Association for Free Research and International Cooperation

Ailing passport systems in Africa fails to respond to the growing demand

Article from AFRIC Editorial
In several African countries, owning a passport is still a luxury as many deem it necessary to have one only when a traveling opportunity presents itself. Unfortunately, the country authorities are not making things any better as the procedures for obtaining one still remains very time consuming and complex. Passport applicants have to wait for several months and or in most cases pay huge sums of money to have their documents delivered. The reasons for the slow process however still remains uncertain but the population is surely bearing the brunt.

In many if not most countries, anyone who can afford a passport has to be patient. It takes more time than expected to receive a copy of the passport after finalizing all administrative procedures. Authorities have tried on several occasions to provide an explanation which usually falls short of valid reason. The difficulty in getting a passport appears to be felt in several countries.

In Cameroon, the National Passport Production Centre in Yaounde has in countless occasions informed the public of inadequate materials for passport production. Cameroonians are already accustomed to the phrase ‘there’s insufficient booklets’ each time they demand an explanation for the no issuance of passports.

Information from the Douala emigration office revealed that more than seven thousand applications for passports were sent to the production center since November 2018, but just a hand full of them have actually been produced. An inside source at the center noted that Yaoundé alone sends in close to 400 applications but the production center fails to produce half the number. Hence it now takes more than 3 months to get a copy of a passport.

In 2017 the Ugandan government indicated that it was running out of passports as a result of a rise in demand. It revealed that only passports for people suffering medical emergencies, or traveling for government business or to study will be produced.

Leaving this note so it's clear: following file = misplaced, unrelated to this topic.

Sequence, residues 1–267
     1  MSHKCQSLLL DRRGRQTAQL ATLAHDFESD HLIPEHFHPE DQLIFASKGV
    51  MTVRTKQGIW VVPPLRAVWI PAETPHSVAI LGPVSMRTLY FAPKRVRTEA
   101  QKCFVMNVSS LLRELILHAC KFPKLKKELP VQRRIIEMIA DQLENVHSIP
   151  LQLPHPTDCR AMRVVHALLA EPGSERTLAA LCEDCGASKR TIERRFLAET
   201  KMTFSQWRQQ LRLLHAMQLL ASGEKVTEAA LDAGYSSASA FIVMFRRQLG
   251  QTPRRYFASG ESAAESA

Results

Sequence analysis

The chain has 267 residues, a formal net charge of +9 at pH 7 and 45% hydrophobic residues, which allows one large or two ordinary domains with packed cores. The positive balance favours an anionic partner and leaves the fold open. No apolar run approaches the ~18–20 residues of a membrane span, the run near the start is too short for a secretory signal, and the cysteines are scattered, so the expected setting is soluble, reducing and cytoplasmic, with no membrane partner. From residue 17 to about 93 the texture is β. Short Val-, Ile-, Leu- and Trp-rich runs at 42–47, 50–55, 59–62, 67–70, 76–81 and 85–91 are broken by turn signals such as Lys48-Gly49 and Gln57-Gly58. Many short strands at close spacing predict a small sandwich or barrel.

Africa’s giant, Nigeria, has also had its share of this quagmire. In 2018 there were reports of scarcity of the international passport booklets and applicants had to wait for over four months to secure the document.

Zimbabweans are noted for spending nights outside the passport office to avoid losing their place in the queue. Similarly, the production center in Yaoundé is crowded as early as 4 am for those who hope to finish the process in a day.


The precarious situation plaguing the passport system is not only felt home, as several Africans resident abroad find it very difficult to renew their passports. The shortage is very severe for Africans who live abroad. Usually, most of them are left with no other option but to return to their home countries to undertake the process partly due to the lack of an embassy where they are found.

Ugandans who live in Congo Brazaville are obliged to cross over to the DRC or in worst case scenarios return home to get their passports renewed. Reports also revealed that Nigeria’s high commission in London is usually crowded with people demanding passports.

A Cameroonian working in the UAE shared an unfortunate incident of him losing his job after several unsuccessful attempts to get his passport renewed. Apparently, this is not an isolated case as some have missed study and other travelling opportunities due to their inability to secure a valid passport on time.

This situation has favored some officials in the production centers who now charge double in order to issue an express passport. In spite of the outcry by many, those who are financially viable now stand a better chance of having the document.

Hence, this makes the cost of obtaining a passport much more expensive. A publication by Jeune Afrique Magazine rated Cameroonian passport as one of the most expensive in the continent. And with people now having to pay twice the price, it makes it higher. Also the cost of getting a passport in the Democratic Republic of Congo is very expensive. It is estimated that it cost close to $185, placing the country among the most expensive in the world.


In a bid to upgrade the passport system and deliver effective service to the masses, the Ministry of foreign affairs and regional integration in Ghana launched the Premium Passport Processing Center to ease the mode of application. The system which was introduced in 2017 took effect in 2019 and requires applicants to complete their application forms online and book an appointment with the center.

This could be a workable system for other countries to adopt which can help curb the stressful process applicants go through. With the rapid digitalization of the world, online application systems could be a better way of managing the growing demand for passports.

Summarily, it is evident that the demand for passports in most countries is fast growing and the systems in place are not adequate enough to manage such demands. This however, requires more suffocated and up to date systems to handle the process. Furthermore, administrative bottlenecks should be trim cut and access to required resources provided.

Article from AFRIC Editorial

Credit image : google images


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